Friday's match between the USA and the Netherlands at the Rat Verlegh Stadion in Breda will not only be a rematch of the 2019 Women's World Cup final, but it will provide a glimpse of the two favorites at the 2021 Olympics.
Seven European teams joined the USA in the quarterfinals of the Women's World Cup, but just the top three teams advanced to the Olympics: the Netherlands, Sweden and Great Britain (England). That means no Germany and no France in Japan next summer.
The Netherlands has already qualified for the next European Championship, which was moved from 2021 to 2022 to make room for the men's Euro, which was pushed back from 2020 to 2021. It has won all nine games and closes out its qualifying campaign next Tuesday against Kosovo in Breda.
Head coach Sarina Wiegman will be in charge of the Oranjevrouwen at the Olympics, but she will leave afterwards to take charge of England, the Women's Euro host.
Wiegman, who played for the University of North Carolina, sees the gap narrowing between the USA and Europe's top national teams.
"Of course, the history of the U.S. is awesome," she said when she was announced at the England coach, "but I think other countries can beat them. It's one game, and in Europe the game is improving so much. We get closer and closer and the U.S. knows that they have to improve their game, too. Not only England but the Dutch, France, Germany, Sweden, Spain are developing. Countries are getting closer and closer together."
Wiegman will be without Arsenal star Vivianne Miedema for Friday's game. A month ago, the 24 year-old striker became the first player to surpass 50 goals in England's Women's Super League, but she is sidelined with a hip injury.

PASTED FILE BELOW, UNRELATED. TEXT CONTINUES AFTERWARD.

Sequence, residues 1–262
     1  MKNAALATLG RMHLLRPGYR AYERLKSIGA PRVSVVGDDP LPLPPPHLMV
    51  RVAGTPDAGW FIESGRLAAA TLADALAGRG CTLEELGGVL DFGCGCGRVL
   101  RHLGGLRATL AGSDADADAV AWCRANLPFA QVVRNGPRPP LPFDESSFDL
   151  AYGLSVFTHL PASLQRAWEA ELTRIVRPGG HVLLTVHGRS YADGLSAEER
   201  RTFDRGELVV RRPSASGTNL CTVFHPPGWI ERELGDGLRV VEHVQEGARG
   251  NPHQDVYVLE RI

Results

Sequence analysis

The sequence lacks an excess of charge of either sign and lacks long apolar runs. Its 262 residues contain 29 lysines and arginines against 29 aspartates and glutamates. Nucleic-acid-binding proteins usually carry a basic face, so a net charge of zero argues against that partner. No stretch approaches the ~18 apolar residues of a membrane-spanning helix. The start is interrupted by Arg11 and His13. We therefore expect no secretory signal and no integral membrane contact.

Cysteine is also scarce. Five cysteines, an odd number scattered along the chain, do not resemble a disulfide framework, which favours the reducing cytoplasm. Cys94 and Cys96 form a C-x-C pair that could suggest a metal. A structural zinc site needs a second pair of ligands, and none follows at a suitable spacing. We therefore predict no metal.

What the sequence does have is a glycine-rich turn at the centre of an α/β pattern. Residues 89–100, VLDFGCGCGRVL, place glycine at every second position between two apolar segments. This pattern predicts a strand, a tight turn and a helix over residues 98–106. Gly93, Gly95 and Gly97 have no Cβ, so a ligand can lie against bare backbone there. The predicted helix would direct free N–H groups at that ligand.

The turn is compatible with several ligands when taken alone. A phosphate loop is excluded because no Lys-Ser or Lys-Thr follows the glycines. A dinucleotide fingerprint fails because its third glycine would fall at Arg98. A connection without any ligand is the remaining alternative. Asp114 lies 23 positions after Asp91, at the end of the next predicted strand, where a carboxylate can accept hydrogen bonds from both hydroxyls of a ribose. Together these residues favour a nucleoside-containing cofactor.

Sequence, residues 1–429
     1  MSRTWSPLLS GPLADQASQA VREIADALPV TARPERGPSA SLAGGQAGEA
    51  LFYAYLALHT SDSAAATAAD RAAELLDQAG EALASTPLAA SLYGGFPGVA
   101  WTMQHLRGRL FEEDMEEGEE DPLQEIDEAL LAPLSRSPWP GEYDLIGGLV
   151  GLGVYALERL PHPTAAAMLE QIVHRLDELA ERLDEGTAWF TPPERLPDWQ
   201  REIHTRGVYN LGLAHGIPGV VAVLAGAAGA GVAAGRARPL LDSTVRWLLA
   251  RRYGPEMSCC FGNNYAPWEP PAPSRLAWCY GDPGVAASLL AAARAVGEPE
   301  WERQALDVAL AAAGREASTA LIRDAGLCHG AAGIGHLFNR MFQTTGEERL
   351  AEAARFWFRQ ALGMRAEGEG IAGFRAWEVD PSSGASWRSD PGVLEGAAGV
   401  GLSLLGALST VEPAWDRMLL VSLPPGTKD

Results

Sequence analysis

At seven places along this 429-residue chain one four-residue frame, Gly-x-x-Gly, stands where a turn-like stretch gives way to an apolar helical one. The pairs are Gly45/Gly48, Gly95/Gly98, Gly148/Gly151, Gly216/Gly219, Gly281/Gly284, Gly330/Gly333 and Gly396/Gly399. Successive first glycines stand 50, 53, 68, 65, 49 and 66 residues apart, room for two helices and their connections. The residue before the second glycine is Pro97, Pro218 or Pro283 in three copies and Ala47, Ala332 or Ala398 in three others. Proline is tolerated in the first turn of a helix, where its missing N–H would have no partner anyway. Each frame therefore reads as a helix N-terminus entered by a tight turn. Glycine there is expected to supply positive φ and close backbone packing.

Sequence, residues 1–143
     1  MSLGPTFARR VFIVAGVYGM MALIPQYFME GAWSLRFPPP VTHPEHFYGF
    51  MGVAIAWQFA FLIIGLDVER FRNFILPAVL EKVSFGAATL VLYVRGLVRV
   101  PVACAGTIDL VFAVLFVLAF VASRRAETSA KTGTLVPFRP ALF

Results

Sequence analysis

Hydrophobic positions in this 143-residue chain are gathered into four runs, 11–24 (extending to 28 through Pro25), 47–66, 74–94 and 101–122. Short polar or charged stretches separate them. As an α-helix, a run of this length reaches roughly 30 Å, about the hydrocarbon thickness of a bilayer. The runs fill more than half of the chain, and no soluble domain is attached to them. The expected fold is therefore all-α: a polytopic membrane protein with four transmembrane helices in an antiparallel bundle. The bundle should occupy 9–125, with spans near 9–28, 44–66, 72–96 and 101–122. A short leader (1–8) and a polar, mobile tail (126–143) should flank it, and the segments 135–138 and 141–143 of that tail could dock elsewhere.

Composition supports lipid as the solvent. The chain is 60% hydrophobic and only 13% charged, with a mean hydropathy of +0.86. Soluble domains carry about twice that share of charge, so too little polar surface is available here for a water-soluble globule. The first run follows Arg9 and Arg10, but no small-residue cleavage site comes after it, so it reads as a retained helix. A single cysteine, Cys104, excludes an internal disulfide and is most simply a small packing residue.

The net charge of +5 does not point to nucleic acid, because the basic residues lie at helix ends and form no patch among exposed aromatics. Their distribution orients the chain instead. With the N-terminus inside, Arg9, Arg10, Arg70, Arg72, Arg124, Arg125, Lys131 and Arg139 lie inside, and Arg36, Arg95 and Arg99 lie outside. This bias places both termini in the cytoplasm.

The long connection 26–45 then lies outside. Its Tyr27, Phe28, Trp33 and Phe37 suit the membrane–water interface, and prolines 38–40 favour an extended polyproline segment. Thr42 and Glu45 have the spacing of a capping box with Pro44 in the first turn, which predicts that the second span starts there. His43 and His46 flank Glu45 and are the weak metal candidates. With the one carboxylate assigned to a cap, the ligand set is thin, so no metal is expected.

The Dutch still have plenty of weapons up front. Lieke Martens starts for Barcelona, which is unbeaten and untied in six games in Spain's Primera Iberdrola, while Lineth Beerensteyn plays for Bayern Munich, which is perfect in nine games in the Frauen-Bundesliga. Jackie Groenen plays at Manchester United with Americans Tobin Heath and Christen Press.
Twelve of the 23 players in the Dutch camp play abroad, five in England, three in Germany, two in Spain and one each in France and Norway.
Lize Kop (Ajax)
Daphne van Domselaar (FC Twente)
Sari van Veenendaal (PSV)
Dominique Janssen (Wolfsburg, Germany)
Danique Kerkdijk (Brighton & Hove Albion, England)
Aniek Nouwen (PSV)
Merel van Dongen (Atlético Madrid, Spain)
Kika van Es (FC Twente)
Stefanie van der Gragt (Ajax)
Lynn Wilms (FC Twente)
Jackie Groenen (Manchester United, England)
Inessa Kaagman (Brighton & Hove Albion, England)
Victoria Pelova (Ajax)
Sherida Spitse (Valerenga, Norway)
Danielle van de Donk (Arsenal, England)
Lineth Beerensteyn (Bayern Munich, Germany)
Sisca Folkertsma (FC Twente)
Lieke Martens (Barcelona, Spain)
Renate Jansen (FC Twente)
Jill Roord (Arsenal, England)
Joelle Smits (PSV)
Katja Snoeijs (Bordeaux, France)
Shanice van de Sanden (Wolfsburg, Germany)
Looking forward to this game. Some new faces and it's always good to see our National teams play. The gap has closed.
I don't see the USWNT changing that much until AFTER their next big upset, maybe much later. Vlatko is tweaking around the edges of this team but it seems it's playing the same style while updating players as they age out. What happened last time the US lost, in the final in Germany to Japan? We rationalized it as conceding to a team montivated by national trauma, and nothing changed. What's going to happen next time? We will again rationalize our defeat, which will be down to injury/weather/referee call, demanding the head of the coach but little else to change. That's not going to be good enough. In France, we were second best to several teams that couldn't finish the opportunities presented, but will be motivated for revenge in 2023. Given the dominant players we possess, there is no better scenario for migrating to a possession-based game. But against France and Spain, our passing/dribbling/retention/combination play was poor relative to those sides. Will we ever learn?